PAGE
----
Ask Mary Jo

College brings change, sometimes

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Q.I finished my first semester at college and loved it. I made dean’s list. At first, I was thrilled to be home. I genuinely missed my family. It’s been less than a week, though, and I’m ready to go back to school! My parents are treating me like I never left. I’ve been in charge of my life since August, and all of a sudden they act like I can’t take care of myself. Nag, nag, nag! What time are you coming in? Where are you going? Don’t drive with other teens. Don’t text. It’s ridiculous. Why can’t they see I’m grown up? I love them, but this is making me crazy.


Mary Jo’s response: I hear your frustration. You feel disrespected. You’ve proven you can make decisions and be in charge. Coming home makes you feel younger than you are.

Before we discuss your situation, I’d like to tell you a story. My parents died within four months of each other. My papa was ill with lung cancer; my mother was living with Alzheimer’s. My father was a deeply faith-filled man. He accepted his impending death with peace and grace; he saw his illness as God’s will and lived well until his final breath. A few days before he died, he began to cry. His tears were for me. Glancing at my mom, he said, “I’m leaving you with a mess.”

I reassured him. I was an adult with a strong husband and supportive family. My friends and colleagues stood by me. I could handle the challenges of my mother’s illness. His response may surprise you: “I know all of that. But you’re still my baby.”

Your parents were given a great gift and a huge responsibility when you were born. When they look at you they see a mature, accomplished and successful 18-year-old. I’m sure they’re proud of you. They also see the newborn they held, the toddler they taught, the child they helped with homework, the pre-teen they guided into adolescence and the young adult you’re becoming.

Your experience is very common. Once you’re home, you are your parents’ responsibility again. When you’re at school, they don’t know what time you go to bed. They don’t know if you’re walking across campus late at night. At home, they are alert for your return. I doubt they rest well until you’re safely in the house.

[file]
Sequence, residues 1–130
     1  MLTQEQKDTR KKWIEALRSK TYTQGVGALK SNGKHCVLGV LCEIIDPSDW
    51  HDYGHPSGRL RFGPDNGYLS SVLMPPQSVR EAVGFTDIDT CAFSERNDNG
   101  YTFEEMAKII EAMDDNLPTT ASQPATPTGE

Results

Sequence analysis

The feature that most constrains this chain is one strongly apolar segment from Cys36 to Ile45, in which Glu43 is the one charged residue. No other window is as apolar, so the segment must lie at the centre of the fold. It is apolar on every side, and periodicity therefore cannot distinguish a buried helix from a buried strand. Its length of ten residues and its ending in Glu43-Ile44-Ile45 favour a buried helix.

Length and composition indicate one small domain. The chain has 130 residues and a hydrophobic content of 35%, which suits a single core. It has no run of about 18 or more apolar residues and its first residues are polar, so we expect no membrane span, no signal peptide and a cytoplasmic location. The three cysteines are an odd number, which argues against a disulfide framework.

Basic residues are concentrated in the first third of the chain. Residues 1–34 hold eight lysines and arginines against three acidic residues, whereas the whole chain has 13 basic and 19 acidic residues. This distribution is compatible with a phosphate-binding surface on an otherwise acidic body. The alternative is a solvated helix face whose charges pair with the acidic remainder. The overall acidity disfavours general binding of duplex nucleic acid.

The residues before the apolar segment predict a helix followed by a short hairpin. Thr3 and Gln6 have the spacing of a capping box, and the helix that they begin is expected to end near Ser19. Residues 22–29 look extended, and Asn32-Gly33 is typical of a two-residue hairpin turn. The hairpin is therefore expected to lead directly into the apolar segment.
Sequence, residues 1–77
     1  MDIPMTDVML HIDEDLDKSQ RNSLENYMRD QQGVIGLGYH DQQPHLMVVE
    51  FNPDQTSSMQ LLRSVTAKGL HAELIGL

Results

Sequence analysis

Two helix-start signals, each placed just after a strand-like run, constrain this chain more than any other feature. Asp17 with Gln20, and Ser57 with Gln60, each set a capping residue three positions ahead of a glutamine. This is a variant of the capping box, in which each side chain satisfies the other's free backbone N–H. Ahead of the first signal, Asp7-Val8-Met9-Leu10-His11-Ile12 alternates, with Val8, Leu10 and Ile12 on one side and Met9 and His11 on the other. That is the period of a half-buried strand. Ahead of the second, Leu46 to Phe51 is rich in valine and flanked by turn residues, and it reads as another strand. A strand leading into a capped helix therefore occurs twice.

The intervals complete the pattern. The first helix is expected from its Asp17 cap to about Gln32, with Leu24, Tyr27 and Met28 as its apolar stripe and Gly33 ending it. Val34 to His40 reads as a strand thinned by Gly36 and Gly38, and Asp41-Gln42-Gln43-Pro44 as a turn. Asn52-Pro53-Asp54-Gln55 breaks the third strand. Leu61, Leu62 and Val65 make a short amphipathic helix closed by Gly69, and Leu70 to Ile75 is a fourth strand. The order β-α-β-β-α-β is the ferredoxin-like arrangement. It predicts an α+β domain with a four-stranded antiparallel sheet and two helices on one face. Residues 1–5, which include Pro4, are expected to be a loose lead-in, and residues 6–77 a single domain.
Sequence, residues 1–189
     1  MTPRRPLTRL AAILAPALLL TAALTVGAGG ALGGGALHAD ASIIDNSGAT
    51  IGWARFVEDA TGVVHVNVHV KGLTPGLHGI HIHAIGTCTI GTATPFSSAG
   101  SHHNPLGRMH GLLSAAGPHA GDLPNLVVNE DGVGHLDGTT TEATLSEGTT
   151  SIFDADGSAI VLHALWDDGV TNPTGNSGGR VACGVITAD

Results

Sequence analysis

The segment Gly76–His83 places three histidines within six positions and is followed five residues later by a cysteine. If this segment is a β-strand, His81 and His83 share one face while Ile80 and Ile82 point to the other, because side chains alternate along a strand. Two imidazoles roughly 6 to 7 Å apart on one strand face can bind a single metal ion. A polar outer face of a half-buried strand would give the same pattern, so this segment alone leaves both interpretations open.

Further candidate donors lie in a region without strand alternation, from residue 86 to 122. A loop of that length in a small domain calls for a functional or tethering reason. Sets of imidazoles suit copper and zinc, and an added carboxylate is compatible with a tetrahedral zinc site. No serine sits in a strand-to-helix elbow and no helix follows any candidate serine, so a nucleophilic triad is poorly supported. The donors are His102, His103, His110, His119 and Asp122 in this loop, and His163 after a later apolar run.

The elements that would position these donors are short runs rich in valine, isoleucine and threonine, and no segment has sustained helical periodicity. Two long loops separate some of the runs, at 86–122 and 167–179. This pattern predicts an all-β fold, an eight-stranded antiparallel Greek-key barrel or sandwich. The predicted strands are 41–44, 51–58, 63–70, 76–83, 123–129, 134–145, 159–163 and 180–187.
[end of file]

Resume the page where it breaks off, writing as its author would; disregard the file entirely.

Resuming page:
Please talk with your parents. Share your love, your pride in your college success, and your frustration. Try to see your life through their eyes. To be loved deeply is a great gift. In time, you may be a parent. If you’re like most of us, you’ll fight an impulse to wrap your newborn in bubble wrap. Protecting also involves letting go. Respect your parents. Return their love. Be honest, be sincere. One day life will be busy and spending a college break at home will not be possible. Enjoy life.

Q.My boyfriend told his best friend that he’s going to propose to me on Christmas Eve, and his best friend told me. No way! We’re not even 20, and we both have two more years of college. I love him, but there’s no way I’m ready for marriage. I’m thinking I should tell him I know and stop him before he puts me in a really lousy place. But his friend made me promise not to tell, and I don’t want to lie to him. Help!


Mary Jo’s response: You owe your boyfriend an honest conversation. You could easily bring up the future without revealing what his best friend said. If you’re serious about your relationship but are concerned about the timing of his proposal, he may be willing to wait. Opening the subject is OK – it’s no longer 1905. People discuss significant decisions and make mutual compromises. I hope all goes well for you both.

Q.I got a 3.8 my first semester. I worked hard, but it was worth it. I’ve made great new friends. I’m happy. Why write to you? Because I feel like I’m not connecting with my friends from high school. It’s like we have nothing in common any more. Is this normal?


Mary Jo’s response: You’ve had an amazing life change – of course your friendships are changing. You and your friends may not share as many interests as you did in high school, but the core of your bond probably remains.

Moving forward is OK. Finding new common ground may help you maintain old friendships as you mature and grow. Reframe your relationships. Discuss your feelings with candor. Becoming an adult often involves change; your friends may feel as you do. Give yourself time. After another semester you may feel differently. No matter your feelings, please show respect and honor old ties.

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